LMRD 821, Friday, Feb 5, 2021
The Lower Mississippi River Dispatch “Voice of the Mississippi River”
Photos & Text by
Neal Moore: 22 Rivers, 22 States, 22 Months
During the light of the Full Wolf Moon, I was able to join Neal Moore for a short portion of his 22 Rivers project, in which he is paddling 22 Rivers across 22 States in 22 Months, from Astoria Oregon to the Statue of Liberty.
The west end of Cat Island is getting slammed by hurricanes and tropical storms, in places old woods are getting snapped over and covered in water.
We paddled over a forest of piney stumps in the high tide of the approaching full wolf moon.
Writer Boyce Upholt (l) jumped on board with Neal Moore (r) and myself (taking photo). Here we are making breakfast behind the wind protection of our camp tables. The Full Wolf Moon is setting behind us. Special thanks to Hank Baltar for land support!
Cordelling up the beach: We paddled (and cordelled) with Neal out and around Cat Island, the furthest west of the Mississippi barrier islands.
Cordelling is the ancient voyageur canoe tradition of pulling your vessel upstream — or in this case, down the beach against the wind.
Wild Island: we experienced the raw elements of nature: the wind, the waves, the sun, the water, and their effects upon creation.
The gales blew through with typical winter fierceness throughout trip, one night almost burying our 24′ long Cricket canoe!
I was sleeping next to canoe, in what i thought was a protected harbor in the lee of the canoe, with my head tucked deep within the folds of my mummy bag, and my face mask in place. But my sleeping bag filled with sand and I was forced to retreat inland and into the protection of the longleaf piney woods where Boyce was camped.
The ever cheerful Neal Moore stayed planted in the face of the wind in his trusty Moss Tent.
I slept out under the stars — and the howling light of the Full Wolf Moon.
Smuggler’s Cove: over the dunes behind camp, birds of prey thrived in a large inlet known as Smuggler’s Cove. Each avian has it’s own method of fishing: white pelicans circle on the water, pelicans dive in groups, osprey and eagles drop in like missles, individually, from on high.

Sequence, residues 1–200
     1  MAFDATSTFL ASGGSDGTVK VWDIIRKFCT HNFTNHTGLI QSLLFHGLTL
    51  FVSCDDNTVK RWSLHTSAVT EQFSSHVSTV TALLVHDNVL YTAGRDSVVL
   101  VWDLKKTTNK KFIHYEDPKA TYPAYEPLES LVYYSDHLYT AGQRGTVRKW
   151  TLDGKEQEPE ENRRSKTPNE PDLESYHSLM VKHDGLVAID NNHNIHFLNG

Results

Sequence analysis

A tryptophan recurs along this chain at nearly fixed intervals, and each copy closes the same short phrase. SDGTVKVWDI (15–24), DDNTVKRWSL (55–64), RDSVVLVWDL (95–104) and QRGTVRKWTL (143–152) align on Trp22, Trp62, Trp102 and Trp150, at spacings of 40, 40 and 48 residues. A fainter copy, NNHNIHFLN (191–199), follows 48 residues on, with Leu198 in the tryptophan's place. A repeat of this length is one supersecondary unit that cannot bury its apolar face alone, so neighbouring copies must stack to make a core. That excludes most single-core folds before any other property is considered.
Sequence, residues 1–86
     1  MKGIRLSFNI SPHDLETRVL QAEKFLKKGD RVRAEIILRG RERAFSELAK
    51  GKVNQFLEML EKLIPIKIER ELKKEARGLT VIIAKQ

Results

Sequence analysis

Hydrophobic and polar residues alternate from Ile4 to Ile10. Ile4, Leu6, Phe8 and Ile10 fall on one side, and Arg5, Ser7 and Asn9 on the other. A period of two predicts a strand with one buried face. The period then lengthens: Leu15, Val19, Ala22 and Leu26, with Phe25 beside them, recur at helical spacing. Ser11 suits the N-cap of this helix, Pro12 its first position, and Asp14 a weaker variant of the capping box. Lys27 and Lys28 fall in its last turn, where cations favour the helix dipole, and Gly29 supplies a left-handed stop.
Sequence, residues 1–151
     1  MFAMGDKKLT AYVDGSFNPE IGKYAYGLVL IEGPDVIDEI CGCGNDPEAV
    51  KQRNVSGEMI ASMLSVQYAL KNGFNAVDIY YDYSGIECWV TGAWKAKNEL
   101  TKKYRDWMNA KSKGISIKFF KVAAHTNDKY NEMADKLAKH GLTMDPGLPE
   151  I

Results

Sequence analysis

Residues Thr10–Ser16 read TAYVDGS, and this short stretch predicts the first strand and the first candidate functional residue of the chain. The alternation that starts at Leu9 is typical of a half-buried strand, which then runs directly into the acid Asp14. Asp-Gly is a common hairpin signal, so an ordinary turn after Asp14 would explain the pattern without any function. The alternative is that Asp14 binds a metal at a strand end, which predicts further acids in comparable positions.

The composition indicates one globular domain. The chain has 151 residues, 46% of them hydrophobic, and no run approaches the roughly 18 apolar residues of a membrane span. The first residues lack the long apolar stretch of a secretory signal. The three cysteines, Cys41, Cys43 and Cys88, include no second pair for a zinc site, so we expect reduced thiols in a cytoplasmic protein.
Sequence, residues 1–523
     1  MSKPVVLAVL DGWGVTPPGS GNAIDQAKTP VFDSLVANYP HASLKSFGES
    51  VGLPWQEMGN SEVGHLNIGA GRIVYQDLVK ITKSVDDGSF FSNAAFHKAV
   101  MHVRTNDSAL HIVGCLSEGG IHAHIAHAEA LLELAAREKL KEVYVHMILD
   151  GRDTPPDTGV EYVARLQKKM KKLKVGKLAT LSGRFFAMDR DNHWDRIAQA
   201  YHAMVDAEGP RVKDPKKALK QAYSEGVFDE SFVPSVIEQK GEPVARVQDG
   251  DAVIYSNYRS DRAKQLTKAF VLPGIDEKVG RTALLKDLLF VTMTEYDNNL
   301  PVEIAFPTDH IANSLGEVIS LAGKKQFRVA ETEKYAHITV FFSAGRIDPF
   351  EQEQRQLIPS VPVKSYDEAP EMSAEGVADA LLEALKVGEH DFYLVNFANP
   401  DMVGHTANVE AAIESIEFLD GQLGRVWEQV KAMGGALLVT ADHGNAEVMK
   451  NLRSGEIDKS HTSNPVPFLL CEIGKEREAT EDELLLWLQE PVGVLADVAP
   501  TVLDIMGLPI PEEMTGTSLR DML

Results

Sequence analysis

The sand makes a temporary record of the passage of the wind and time — including the tracks of birds, animals, insects, blowing leaves, and a few visiting humans.
the shell of a horseshoe crab
the remains of a dead dolphin (we reported this carcass to the IMMS — the Institute for Marine Mammal Studies)
dolphin tail vertebrate
grasses growing in the stumps of pine trees snapped in previous hurricanes
mysterious lines and etchings, this one dileneated by the wind-waves of the previous night, later covered by a fresh layer of sand ripples
a tracing made by layers of mud and sand — looks like an aerial view of some of the bends of the Mississippi River
blue holes created by the surges of previous storms
the ever-enchanting patterns of sand grasses and their shadows
a living wind tunnel laboratory: every solid mass creates its own distinctive wind shadow, here with pieces of shell, and bits of plastic
we too are sculpted and wizened by the sun and wind, each in our own way
I prefer busted shells for the intimate glimpse into the secrets of marine architecture — revealing the patterns of the universe hidden within — like a representation of a galaxy, or maybe an x-ray of the interior swirlings of a whirlpool
we unburied Cricket canoe from the waves of sand that covered its sides…
…and set out into the waves
and now the brave and wide-eyed Neal Moore continues on down the coast, and then up the rivers of Alabama, Mississippi and Tennessee…
…as he begins the long upstream paddle into the Ohio River valley, and across the eastern divide into the Great Lakes, and then into the Hudson Valley — for arrival at America’s beacon of hope and freedom: the Statue of Liberty — in December 2021
Bon Voyage Neal! Our “paddle’s up” and the power of the howling Full Wolf Moon be with you!
follow Neal Moore’s 22 Rivers Expedition on the expedition website https://22rivers.com
A Glimpse of America’s Soul. Dubbed “a modern-day Huck Finn” by CNN, adventurer/storyteller Neal Moore’s work from North America, Africa, and the Far East has appeared in The New Yorker, Der Spiegel, and on CNN International.
You can read some of
Boyce Upholt’s writing here: http://www.boyceupholt.com “exploring the wild at the end of the world & exploring the world at the end of the wild”